What to PhotographLook carefully at your glass and note the parts of the glass that may be clues to its identification. You want to be sure to get clear photos of these unique elements. Examples:
- Shape of the foot, especially for stemware. Is it round? Domed? Square or Hexagonal? Most common stemware feet are round and flat, so any differences here may be helpful. Cups, creamers or sugars, vases, may vary quite a bit with the foot shape in keeping with the overall design.
- Shape of the stem. The most common stems on goblets are plain round or lady leg. Lady leg refers to stems that have bulbous tops and are thinner below the bulb shape.
- Overall shape of the piece.
- Design, e.g., cutting or etch or other ornamentation.
BackgroundDo not try to photograph glass against any patterened cloth or backdrop. It is virtually impossible to see close up details when the background is cluttered or has its own design. A matte black or dark grey background is ideal. Any dark background that's plain can work OK. This person photographed his Viking Prelude dish on a wood table with good lighting to show the etch. I use a special backdrop called Varitone Grey to Black. I've had it several years and bought it online. Several places sell it, but you need to include "Photo Background" or "Photo Paper" in your search as otherwise you will find a lot of guitars! This product here on Amazon looks like what I have. The Varitone sheets are expensive (around $50) but work well for glass and most other items. You can find paper sheets that are less costly, also much smaller and not durable. If you have only a few items to photograph then consider these options that are much less expensive.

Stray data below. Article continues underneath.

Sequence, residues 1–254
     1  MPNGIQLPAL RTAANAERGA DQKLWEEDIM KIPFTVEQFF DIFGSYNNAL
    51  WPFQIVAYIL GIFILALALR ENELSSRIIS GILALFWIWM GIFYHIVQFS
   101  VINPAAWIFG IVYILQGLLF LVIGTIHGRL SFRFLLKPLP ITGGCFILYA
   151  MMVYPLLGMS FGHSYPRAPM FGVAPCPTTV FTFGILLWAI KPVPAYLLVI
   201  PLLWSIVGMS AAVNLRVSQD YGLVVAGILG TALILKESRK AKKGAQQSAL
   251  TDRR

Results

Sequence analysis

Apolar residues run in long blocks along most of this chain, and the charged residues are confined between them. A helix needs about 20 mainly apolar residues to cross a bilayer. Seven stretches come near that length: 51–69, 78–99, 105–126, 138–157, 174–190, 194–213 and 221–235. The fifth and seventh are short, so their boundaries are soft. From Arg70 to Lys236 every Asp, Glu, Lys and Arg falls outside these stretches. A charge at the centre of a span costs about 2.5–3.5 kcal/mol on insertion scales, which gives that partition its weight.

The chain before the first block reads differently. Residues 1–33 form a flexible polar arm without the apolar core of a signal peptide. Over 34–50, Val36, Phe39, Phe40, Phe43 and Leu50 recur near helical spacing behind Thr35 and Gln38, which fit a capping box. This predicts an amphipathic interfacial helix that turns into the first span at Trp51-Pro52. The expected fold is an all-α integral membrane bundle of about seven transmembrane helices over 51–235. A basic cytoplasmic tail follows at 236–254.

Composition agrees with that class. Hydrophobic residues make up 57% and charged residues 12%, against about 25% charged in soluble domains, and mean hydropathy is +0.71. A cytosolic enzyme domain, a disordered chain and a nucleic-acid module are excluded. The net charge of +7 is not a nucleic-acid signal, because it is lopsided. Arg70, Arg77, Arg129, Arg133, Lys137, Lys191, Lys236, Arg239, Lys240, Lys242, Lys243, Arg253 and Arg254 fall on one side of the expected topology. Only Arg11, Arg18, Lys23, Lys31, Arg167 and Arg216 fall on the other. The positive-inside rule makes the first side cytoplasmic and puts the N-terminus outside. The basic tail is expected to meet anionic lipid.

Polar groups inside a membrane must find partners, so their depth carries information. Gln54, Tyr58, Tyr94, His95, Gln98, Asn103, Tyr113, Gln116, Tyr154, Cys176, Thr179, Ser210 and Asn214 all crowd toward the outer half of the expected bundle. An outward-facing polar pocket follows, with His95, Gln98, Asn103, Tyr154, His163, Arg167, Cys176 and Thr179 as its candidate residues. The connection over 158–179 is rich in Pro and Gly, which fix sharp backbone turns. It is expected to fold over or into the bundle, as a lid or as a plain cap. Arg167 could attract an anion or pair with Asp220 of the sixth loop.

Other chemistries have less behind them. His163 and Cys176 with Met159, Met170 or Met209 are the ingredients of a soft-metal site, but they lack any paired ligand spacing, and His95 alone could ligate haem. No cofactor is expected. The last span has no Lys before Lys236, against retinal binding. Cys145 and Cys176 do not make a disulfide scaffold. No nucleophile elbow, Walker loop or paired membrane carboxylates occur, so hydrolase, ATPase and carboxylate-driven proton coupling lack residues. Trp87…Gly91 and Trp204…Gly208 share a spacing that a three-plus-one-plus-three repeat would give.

- Some people swear by black velvet. I've not cared for the results although a non-shiny dark fabric with no creases or distracting texture should work OK.
- Dark, plain colored wood
- Plain, no texture cardboard or other matte finish paper. Construction paper tends to be distracting as even black color shows up as grey with texture. You could try colored tagboard. I've used boxes and dark green, plain carpeting.
- In general, use matte, non-reflective, dark surfaces to get the best detail.